Brent Crude Drops Below $100 a Barrel for First Time Since July

Brent crude futures fell below $100 a barrel in London for the first time since July on concern that slowing economic growth will curb fuel demand, while supplies from the North Sea recover after oilfield maintenance.

Brent, used to price more than half of the world’s oil, declined as much as $1.73, or 1.7 percent, to $98.90 a barrel. The grade last traded below $100 on an intraday basis on July 12. West Texas Intermediate crude fell to a four-month low after reports showed manufacturing in the New York region expanded less than projected while China’s economic growth unexpectedly eased. Goldman Sachs Group Inc. dropped a recommendation to hold a “long” position in the S&P GSCI Brent Total Return Index, citing weakness in European demand for refined fuels and a slowdown in China.

“There is a level of confidence evaporating from the market” said Jonathan Barratt, the chief executive officer of Barratt’s Bulletin, a commodity newsletter in Sydney. “The market is starting to realize that without geopolitical events happening around the world that there is no reason to have a premium factored in.”

Brent for June settlement was down $1.56 at $99.07 a barrel on the London-based ICE Futures Europe exchange at 8:46 a.m. Singapore time. WTI for May delivery declined as much as $1.61 to $87.10 a barrel, the lowest since Dec. 17, on the New York Mercantile Exchange.

Saudi Target

Goldman first made its recommendation to buy Brent in August. Holding the position would have resulted in a loss of almost 16 percent, the bank said in an e-mailed report yesterday.

The grade’s plunge brings prices in line with the target cited by Ali Al-Naimi, oil minister of Saudi Arabia, the world’s biggest oil exporter, who has warned that higher levels threaten the economic recovery. He described $100 as a “reasonable price” for consumers and producers in a March 18 speech in Hong Kong.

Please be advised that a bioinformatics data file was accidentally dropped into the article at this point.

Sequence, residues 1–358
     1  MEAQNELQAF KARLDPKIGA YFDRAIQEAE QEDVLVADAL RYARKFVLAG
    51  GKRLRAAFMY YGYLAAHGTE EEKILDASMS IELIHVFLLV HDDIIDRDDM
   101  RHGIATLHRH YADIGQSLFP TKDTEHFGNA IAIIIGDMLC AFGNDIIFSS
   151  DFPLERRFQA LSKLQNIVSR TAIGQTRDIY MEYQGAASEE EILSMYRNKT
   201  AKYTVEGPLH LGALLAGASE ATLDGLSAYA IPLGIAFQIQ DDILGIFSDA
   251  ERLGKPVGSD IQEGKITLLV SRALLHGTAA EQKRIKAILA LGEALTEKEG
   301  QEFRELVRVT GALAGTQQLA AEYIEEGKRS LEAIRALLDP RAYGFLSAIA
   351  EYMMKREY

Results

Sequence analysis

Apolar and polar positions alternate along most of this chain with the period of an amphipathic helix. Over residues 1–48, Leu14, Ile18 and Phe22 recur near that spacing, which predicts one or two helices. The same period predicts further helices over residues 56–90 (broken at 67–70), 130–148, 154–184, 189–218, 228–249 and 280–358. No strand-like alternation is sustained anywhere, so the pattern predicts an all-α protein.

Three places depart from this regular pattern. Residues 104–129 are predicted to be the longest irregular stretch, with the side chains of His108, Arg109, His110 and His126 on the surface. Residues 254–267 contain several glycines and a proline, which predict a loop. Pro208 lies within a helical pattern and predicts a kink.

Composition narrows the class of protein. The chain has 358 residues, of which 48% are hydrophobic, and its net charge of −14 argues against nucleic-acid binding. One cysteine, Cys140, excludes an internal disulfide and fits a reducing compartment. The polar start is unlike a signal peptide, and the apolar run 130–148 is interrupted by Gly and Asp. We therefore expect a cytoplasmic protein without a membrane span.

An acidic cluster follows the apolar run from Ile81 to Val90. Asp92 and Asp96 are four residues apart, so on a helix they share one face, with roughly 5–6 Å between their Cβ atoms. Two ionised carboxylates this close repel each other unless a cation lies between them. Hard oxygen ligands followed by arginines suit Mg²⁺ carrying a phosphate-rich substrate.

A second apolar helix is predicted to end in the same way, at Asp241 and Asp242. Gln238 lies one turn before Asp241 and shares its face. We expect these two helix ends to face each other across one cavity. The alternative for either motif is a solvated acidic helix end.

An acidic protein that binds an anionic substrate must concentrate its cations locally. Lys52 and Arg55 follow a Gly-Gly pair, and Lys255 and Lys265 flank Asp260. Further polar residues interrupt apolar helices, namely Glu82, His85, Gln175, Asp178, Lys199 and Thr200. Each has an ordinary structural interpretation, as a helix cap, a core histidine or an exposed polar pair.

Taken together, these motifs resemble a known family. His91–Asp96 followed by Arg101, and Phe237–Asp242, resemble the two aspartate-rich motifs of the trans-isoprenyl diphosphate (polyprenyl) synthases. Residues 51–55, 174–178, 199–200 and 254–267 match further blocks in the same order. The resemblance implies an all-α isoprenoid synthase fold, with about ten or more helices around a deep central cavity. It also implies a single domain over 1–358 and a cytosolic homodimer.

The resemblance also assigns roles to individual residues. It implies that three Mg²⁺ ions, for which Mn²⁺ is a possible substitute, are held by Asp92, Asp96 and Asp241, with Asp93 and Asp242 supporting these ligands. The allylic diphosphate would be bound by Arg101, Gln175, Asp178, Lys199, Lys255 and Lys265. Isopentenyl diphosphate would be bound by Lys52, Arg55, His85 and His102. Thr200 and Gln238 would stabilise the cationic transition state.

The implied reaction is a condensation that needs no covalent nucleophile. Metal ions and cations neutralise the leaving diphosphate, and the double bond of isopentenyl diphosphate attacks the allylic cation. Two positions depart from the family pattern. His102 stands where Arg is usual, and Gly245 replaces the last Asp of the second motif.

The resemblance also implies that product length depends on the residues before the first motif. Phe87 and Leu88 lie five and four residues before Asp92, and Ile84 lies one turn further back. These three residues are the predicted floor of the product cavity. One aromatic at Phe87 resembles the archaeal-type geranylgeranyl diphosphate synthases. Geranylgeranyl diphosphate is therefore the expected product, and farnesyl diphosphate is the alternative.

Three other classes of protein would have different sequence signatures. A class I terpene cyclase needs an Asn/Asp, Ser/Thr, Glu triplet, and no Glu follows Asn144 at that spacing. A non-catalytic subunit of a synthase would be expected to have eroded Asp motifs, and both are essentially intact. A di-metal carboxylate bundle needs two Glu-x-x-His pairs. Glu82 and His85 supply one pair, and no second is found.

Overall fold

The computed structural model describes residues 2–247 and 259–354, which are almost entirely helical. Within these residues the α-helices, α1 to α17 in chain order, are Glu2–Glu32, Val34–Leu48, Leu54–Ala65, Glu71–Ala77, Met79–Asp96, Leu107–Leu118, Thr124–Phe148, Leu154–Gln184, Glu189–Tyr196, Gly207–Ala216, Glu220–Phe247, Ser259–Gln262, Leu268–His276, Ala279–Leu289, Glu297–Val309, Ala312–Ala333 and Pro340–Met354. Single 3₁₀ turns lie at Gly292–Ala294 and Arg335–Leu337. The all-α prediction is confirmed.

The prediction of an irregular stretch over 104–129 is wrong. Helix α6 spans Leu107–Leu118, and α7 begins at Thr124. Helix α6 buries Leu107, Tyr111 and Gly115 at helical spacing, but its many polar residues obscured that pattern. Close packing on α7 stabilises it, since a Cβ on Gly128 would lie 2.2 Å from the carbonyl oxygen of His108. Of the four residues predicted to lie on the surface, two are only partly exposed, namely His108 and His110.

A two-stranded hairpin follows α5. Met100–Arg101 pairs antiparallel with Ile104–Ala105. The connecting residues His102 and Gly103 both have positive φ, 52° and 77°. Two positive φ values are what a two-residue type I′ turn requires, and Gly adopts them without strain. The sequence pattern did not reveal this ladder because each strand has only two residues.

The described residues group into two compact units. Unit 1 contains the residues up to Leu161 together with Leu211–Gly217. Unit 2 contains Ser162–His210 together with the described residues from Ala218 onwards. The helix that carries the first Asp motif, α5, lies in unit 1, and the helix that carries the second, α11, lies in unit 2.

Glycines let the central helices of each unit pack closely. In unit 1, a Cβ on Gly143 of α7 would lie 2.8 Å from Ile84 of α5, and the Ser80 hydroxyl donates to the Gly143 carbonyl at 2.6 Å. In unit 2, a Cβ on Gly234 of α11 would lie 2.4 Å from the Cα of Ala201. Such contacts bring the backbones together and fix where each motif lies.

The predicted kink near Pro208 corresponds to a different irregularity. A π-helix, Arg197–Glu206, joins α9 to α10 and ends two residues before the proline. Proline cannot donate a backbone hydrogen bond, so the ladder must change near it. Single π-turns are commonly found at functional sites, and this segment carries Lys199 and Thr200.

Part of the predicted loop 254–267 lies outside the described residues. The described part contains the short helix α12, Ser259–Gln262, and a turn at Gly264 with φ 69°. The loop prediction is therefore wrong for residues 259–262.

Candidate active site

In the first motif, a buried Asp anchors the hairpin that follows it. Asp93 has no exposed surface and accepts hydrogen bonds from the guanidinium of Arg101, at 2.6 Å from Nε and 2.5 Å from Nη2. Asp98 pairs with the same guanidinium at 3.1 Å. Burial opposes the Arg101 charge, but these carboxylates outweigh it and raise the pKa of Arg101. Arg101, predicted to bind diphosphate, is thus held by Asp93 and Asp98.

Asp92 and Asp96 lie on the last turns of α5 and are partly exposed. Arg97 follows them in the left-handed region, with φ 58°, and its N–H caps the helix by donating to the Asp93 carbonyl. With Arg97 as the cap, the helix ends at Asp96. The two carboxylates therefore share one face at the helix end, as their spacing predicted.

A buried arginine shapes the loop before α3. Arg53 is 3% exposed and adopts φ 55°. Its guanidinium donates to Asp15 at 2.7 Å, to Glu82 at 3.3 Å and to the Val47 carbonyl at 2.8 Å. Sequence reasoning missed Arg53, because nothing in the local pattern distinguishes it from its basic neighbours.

The decline follows a shift in the structure of North Sea prices starting early April that signaled supplies were beginning to outpace demand.

Front-month Brent futures traded at a discount to the next month yesterday, a structure known as contango, as North Sea production climbed with the end of oilfield maintenance and as refiners reduced their operations during a seasonal lull in demand.

Loading Schedule

Daily exports of North Sea Brent, Forties, Oseberg and Ekofisk crudes, which make up the Dated Brent benchmark, will increase by 1.5 percent in May to 893,548 barrels a day, loading programs obtained by Bloomberg News show.

European refiners will idle about 1.3 million barrels of daily capacity this month, curbing demand for crude, according to the International Energy Agency. The reduction is equivalent to 11 percent of the oil the region will process in April.

The IEA reduced its forecasts for global oil demand in 2013 for a third consecutive month on April 11, predicting the weakest consumption in Europe in almost three decades. One day earlier, OPEC reduced its own estimate for worldwide consumption.

China’s first-quarter gross domestic product gained 7.7 percent from a year earlier, the National Bureau of Statistics reported in Beijing yesterday. That’s less than the 8 percent forecast in a Bloomberg survey of economists and the 7.9 percent expansion in the fourth quarter.

China, U.S. Demand

The nation’s apparent oil demand in March grew 2.7 percent from a year earlier to 9.77 million barrels a day, according to statistics bureau data compiled by Bloomberg. That’s down from February’s 10.2 million and is the lowest level since October.

The Federal Reserve Bank of New York’s general economic index dropped to 3.1 this month from 9.2 in March. Readings exceeding zero signal expansion in New York, northern New Jersey and southern Connecticut.

The U.S. accounted for 21 percent of the world’s crude consumption in 2011 and China for 11 percent, according to BP Plc (BP/)’s Statistical Review of World Energy.

To contact the reporters on this story: Grant Smith in London at gsmith52@bloomberg.net; Ben Sharples in Melbourne at bsharples@bloomberg.net

To contact the editor responsible for this story: Stephen Voss at sev@bloomberg.net

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